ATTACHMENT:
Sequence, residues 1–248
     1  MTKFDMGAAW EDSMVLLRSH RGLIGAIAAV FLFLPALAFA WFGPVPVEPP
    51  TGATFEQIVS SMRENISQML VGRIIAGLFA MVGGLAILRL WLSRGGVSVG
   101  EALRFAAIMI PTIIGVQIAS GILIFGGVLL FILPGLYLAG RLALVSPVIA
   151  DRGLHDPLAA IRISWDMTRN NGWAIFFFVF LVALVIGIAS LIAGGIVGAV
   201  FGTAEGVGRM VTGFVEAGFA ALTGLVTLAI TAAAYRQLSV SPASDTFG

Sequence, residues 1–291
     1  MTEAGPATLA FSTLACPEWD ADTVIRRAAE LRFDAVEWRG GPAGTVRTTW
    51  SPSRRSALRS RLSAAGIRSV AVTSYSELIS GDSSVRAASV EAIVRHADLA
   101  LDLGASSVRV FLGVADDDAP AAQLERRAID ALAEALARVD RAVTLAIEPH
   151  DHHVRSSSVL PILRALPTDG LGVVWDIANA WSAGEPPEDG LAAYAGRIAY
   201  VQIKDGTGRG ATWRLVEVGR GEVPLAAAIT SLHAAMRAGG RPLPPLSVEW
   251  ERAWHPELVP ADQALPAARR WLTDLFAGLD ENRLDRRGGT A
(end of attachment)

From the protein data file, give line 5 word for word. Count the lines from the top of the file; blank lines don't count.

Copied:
   151  DRGLHDPLAA IRISWDMTRN NGWAIFFFVF LVALVIGIAS LIAGGIVGAV